|Or a six pack of beer... as it were.|
Okay, okay. Hyperbole aside, weight loss is actually a huge concern for a lot of us out here in the real world. For me, I stopped having the "eat everything you want and take names later" mentality a couple of years ago, when I turned 29. For me, the issue was that I had a slowly accumulating mass around my love handles -- but what I was hoping to do was achieve the mythical six pack that I hear so many stories about. One of the obvious things that I could do to achieve the six pack was to cut out another type of six pack. It's not news to anybody that beer contains a lot of calories, right?
Something which you perhaps have not thought too much in depth about is where the calories in alcoholic beverages come from? Typically there are two answers to that question: sugar and alcohol.
|That's pretty much how I look any time I get an|
opportunity to geek out. Hold onto your butts for
impending Wikipedia links!
Here is a quick break down of the science:
The way that alcohol is formed is through ethanol fermentation -- fermentation is another, less efficient way that organisms can generate energy when their normal method is exhausted. Animals actually engage in a process of fermentation as well, called lactic acid fermentation. Normally your body meets its energy demands through cellular respiration, where sugar is converted into usable chemical energy (ATP). The secondary process kicks in when you can't get enough oxygen to process sugar, or when there is a backlog of sugar -- this is where fermentation comes in. It is a less efficient method of generating ATP, which leaves the waste product "lactic acid" -- or in the case of yeast, and ethanol fermentation, the waste product "ethanol." Ethanol and lactic acid are fairly complex compounds compared to the waste products formed out of cellular respiration, ergo they are loaded with a ton of stored molecular energy. When those compounds are broken down, the energy of the molecular bonds is either released as heat, or converted into other molecular bonds.
|This is exactly the kind of thing you want to avoid if you're planning|
on cutting weight off of your gullet. OMG WHY IS IT SO GUD.
I already touched on the fact that sugar is part of the fermentation process -- you don't have to rub too many brain cells together to figure out at this point, that high sugar content foods are normally used for fermentation. This comes out as the heavily starchy potatoes, and grains, or the high fructose grapes used for wine -- even honey is used for the fermentation of mead. Aside from the ethanol being a major source of calories, the left over sugar from the fermentation process is also high in calories.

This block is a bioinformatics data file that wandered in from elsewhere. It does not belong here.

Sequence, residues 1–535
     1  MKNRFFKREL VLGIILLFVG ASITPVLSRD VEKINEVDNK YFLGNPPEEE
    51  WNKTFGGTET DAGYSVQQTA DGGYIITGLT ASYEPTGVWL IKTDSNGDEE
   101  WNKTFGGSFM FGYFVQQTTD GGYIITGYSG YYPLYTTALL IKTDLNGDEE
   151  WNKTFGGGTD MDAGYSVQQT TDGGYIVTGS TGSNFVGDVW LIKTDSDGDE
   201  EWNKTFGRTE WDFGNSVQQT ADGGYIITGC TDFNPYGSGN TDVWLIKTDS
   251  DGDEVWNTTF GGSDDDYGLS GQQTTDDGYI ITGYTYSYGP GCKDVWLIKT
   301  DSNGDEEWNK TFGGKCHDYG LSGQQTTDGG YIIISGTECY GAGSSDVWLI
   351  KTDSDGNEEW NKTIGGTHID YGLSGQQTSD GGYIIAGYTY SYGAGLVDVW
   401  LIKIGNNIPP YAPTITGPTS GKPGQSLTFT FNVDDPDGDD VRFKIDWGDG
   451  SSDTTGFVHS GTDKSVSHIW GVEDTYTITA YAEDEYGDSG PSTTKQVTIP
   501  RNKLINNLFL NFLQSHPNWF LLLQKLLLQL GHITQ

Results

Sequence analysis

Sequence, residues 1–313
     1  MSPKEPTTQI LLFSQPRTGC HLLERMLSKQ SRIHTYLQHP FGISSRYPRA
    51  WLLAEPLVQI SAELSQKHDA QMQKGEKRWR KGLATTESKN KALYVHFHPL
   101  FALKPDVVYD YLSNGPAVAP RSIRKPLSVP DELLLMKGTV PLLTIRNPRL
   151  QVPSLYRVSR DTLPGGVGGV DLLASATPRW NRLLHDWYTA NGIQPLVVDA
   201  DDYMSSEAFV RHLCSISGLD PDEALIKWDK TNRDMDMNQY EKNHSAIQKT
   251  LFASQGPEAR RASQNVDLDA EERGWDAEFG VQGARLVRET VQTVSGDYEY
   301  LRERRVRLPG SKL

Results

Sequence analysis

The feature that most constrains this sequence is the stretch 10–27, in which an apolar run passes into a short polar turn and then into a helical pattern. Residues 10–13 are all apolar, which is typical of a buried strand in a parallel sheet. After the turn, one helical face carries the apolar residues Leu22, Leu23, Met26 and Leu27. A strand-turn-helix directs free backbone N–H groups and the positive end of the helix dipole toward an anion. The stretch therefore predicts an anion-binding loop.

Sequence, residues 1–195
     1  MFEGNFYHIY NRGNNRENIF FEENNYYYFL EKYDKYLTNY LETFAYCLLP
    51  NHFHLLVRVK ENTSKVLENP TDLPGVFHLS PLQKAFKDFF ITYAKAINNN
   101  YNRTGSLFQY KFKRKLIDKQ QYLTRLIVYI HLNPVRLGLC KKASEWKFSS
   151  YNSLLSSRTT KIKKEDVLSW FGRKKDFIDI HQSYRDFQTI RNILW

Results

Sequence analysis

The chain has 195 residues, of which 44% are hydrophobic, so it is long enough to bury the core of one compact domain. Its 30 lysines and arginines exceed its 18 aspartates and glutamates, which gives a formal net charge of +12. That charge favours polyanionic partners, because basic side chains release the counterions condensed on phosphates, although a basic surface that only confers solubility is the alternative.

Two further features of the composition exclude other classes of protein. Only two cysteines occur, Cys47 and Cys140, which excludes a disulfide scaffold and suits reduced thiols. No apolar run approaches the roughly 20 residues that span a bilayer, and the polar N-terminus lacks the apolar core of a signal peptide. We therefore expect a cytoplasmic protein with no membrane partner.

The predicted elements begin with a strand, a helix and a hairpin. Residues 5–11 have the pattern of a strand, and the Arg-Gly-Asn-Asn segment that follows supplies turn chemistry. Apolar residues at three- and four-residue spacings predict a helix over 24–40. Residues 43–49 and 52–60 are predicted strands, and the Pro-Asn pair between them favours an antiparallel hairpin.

|After spending this whole time talking about how bad beer is|
for you, it's on natural that I put tantalizing photos of what
you'll be missing out on, once you stop drinking beer.
The TLDR of this is that beer is high in calories. White and red wine are actually much better for you, in terms of calorie content. And spirits such as whiskey are even more forgiving. There are two things you have to take into consideration when watching what you drink, however. The first thing is more on the food science side of the equation -- higher alcohol content means less sugar, and sugar has more calories than alcohol; therefore higher alcohol content is going to be less calories. The second thing is that if you are going to be conscious of calorie intake when drinking, you also have to consider how much farther the effects of higher alcohol content beverages go. To seasoned drinkers, this isn't that big of a deal, but even if you have been drinking for a long time, and this whole time it's been mostly beer, you might be shocked by how much quicker wine or straight whiskey hits you.
I was able to lose a considerable amount of fat around my waist simply by switching to whiskey -- which wasn't that hard. I was already becoming somewhat of a whiskey snob, so it was just a step away to entirely drop beer as my go-to drink. I also did not have to worry about the progression of severe alcoholism, because I had made considerable cut backs to how much I'd been drinking well before I made the switch to whiskey. Now, in my case, I discovered the glorious app known as Untappd, so I ended up getting back into beer as my go-to drink when outside of the house -- but that being said, I think it needs to be restated just how effective switching from beer to wine, or beer to whiskey can be.
|If straight whiskey isn't your style, you can always mix|
with tea, a bit of lemon and a bit of sugar for a Hot Toddy.
I wouldn't recommend it because I hate Hot Toddies, but
it's all you man/woman!
A single ounce of whiskey contains as much alcohol as a pint of beer. The difference in calories is pretty shocking. Your average pint of beer contains 260 calories, while a single shot of whiskey has only 70. If you were looking for something with meal value more similar to beer, a five ounce glass of wine contains roughly 125 calories. By switching from beer to whiskey -- among other things -- I was able to make considerable cutbacks to caloric intake, and this translated into me losing 3 waist sizes over a period of one month, while still gaining around my biceps and chest. That should be a pretty attractive incentive to men such as myself, who want to hit the gym and see positive gains without putting on the fat that often comes alongside it. And then of course there's the other side of it: aside from looking better because of the change in your body, you'll also look better because you're delving into more sophisticated territory!